Honoring the 38th UAE National Day

The UAE has been the media spotlight – both positive (Abu Dhabi F1) and negative (Dubai World hiatus) – heralding a new era of Dubai Bashing (see my thorough how-to here) as well as justified criticism and the typical market flux a la Pelham 123 (so who made $300m now?).


But today is the 38th UAE National Day, and these special occasions, like Eid and Thanksgiving and Christmas, are here to remind us of the greater good that we keep tucked in the shadows. For it is easy to dwell on our miseries and use them as our crutch to move forward, but it takes a movie scene, an Oprah episode or a family-feud-free-family-gathering to remind us that we have it good.


What has the UAE given me? A good beating! Yes, and I am thankful for it. Tough love is what everyone needs, and tough is what Dubai is about. Being exposed to so many cultures (and, seriously, there are just so many nationalities here) teaches you to be tolerant and respectful to people around you. It teaches you how to collaborate and communicate effectively in teams and with individuals. It gives you pleasure when expats greet you with “Eid Mubarak” and inform you – genuinely – that their perception of Arabs has significantly changed through their stay in Dubai. And it lowers the barrier of the “them vs us” concept, when we all hold hands together for a cause, raising awareness through marathons and walkathons around town.


On the sombre days, Dubai teaches you patience. It teaches you to network, to use your wits, to appreciate the value of money (and damn this city is expensive!). It shows you who your true friends are and how much value do you have in people’s lives, and they in yours. With Dubai’s every-changing population, and the tough competition – both on personal and career levels – it becomes quickly apparent who you should place your trust in.

But most of all, what I am truly thankful for is to be part of this “movement”, to celebrate the rise of a nation, no matter how much it stumbles on the way. When I have visitors over and show them around town, not all of them are impressed. “We have tall building in NY, so?”. Indeed, NY is a class of it’s own. But you won’t appreciate Burj Dubai unless you have seen it being built over the years, floor by floor. It’s difficult to appreciate or imagine that the 25km stretch of land between Dusit Dubai on Sheikh Zayed Road and Jebel Ali was a desert only 7 years ago. It won’t make sense to an outsider as you describe how Garhoud Bridge was only three lanes, and how the 7 lane roads were 2-3 lanes only a few years back. It’s sounds ludicrous as you describe how one thing was here a few months back and now it shifted in its entirety to another location.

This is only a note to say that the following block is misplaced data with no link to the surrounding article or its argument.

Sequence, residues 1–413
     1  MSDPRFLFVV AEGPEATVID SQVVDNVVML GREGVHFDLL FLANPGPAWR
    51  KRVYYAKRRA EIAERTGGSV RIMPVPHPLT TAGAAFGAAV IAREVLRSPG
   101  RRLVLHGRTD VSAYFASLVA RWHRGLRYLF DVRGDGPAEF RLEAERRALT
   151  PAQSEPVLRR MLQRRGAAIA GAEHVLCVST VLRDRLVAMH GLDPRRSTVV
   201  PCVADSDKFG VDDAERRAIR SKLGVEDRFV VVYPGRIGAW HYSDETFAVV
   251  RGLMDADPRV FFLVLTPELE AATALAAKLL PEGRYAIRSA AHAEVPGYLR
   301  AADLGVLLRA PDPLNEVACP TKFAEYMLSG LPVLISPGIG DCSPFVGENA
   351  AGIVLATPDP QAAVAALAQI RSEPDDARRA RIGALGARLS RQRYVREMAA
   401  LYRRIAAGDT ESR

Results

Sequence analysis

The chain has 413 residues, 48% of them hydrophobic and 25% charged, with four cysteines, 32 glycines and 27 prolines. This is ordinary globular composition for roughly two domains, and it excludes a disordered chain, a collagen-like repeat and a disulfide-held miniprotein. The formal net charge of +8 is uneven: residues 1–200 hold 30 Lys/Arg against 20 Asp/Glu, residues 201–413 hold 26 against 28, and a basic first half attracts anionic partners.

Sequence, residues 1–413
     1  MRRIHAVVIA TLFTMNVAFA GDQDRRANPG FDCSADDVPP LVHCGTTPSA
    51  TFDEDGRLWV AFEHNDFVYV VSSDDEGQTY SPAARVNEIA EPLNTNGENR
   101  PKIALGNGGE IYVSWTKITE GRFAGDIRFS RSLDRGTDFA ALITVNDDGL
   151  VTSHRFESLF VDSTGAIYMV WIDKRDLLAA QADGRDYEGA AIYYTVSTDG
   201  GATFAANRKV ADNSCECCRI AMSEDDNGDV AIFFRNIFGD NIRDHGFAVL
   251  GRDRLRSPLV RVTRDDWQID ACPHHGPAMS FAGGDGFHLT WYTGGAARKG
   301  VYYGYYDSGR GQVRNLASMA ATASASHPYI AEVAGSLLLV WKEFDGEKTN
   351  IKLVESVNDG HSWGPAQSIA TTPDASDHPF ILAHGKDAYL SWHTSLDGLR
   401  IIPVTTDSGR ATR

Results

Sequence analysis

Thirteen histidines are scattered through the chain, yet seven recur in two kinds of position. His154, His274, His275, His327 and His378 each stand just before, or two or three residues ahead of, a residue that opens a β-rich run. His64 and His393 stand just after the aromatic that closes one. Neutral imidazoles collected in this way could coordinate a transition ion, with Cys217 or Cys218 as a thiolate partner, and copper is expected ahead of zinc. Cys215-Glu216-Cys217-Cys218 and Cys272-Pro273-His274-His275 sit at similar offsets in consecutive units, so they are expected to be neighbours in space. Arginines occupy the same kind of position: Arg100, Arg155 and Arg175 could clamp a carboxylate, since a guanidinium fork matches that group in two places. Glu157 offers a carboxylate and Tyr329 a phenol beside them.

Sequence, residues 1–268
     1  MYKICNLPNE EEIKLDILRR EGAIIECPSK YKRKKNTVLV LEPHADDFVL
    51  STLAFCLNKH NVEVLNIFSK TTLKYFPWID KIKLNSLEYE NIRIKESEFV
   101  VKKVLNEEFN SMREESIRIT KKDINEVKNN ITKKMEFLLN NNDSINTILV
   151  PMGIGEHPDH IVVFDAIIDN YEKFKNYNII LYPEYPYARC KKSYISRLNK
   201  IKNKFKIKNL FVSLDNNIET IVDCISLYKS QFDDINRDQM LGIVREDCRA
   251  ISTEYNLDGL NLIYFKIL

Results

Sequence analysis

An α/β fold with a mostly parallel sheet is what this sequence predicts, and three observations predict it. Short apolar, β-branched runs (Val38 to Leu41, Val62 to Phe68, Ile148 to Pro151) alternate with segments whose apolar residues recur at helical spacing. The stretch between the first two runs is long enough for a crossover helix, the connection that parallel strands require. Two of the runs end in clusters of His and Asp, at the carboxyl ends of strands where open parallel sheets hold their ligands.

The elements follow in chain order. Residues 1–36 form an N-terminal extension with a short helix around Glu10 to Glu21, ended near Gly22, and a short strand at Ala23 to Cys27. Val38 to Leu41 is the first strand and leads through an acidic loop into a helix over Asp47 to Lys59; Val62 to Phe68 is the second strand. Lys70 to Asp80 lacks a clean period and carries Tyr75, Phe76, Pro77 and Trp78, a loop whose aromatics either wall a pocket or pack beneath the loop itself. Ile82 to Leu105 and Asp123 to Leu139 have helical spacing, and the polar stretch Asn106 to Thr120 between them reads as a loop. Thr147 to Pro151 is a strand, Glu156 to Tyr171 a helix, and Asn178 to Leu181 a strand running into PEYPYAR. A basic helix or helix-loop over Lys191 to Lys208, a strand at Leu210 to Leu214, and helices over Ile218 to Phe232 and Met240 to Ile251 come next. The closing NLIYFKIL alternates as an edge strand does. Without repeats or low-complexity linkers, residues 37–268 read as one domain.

Yes, Dubai functions and looks like a living being. It evolves and changes – too rapidly sometimes – but you, too, grow with it, and grow to love it. I don’t know about you, but I feel a deep sense of pride when I show someone around town or talk about the city. There is a sense of awe as I drive around town at night or take a trip on the metro just for the heck of it, to see the city from a slightly higher altitude.


So yes, you can bash Dubai or the UAE as you like, come up with rhythmic news titles and call yourself an expert in laughing at Dubai’s constant stumbling about, mediocre media, censorship, and the cult that is known as Etisalat.

But what has your city done or achieved in 30 years? 10 years? Last year?

Bahrain Getaway pt 1 – The Preflight Drama

My friends and I, tired of our boring daily routine, have planned a weekend getaway to nearby island country Bahrain. Knowing myself, though, I was very reluctant to go. I have commitment issues with the company. Let’s say I am a self-proclaimed care taker, insisting that everything that ever happens in my project or in other projects is my responsibility and that I should handle it. Yes, I am an idiot, one of those who genuinely cares about their job even though it’s not worth a sweat.

I called up my best friend and gave him the bombshell that I opted out, that I can’t just “leave” the work unfinished (as if it never finishes, note that all my tasks are top priority) and that it is unfathomable that I would have to not solve a problem or answer an email. My friend was upset and he just hung up.

And then this phone call happened:

Friend: umm KJ
KJ: aha
Friend: I was calling up the hotels
KJ: aha
Friend: they’re saying they cannot check us in without whores
KJ: come again?
Friend: they’re saying they cannot check us in without whores
KJ: what kind of hotels are you calling!
Friend: the five star ones!
KJ: shit! and?!
Friend: they can arrange for us girls for 100 dinars ($266) per girl
KJ: be7yat elli khallafak! 
Friend: I will see what I can do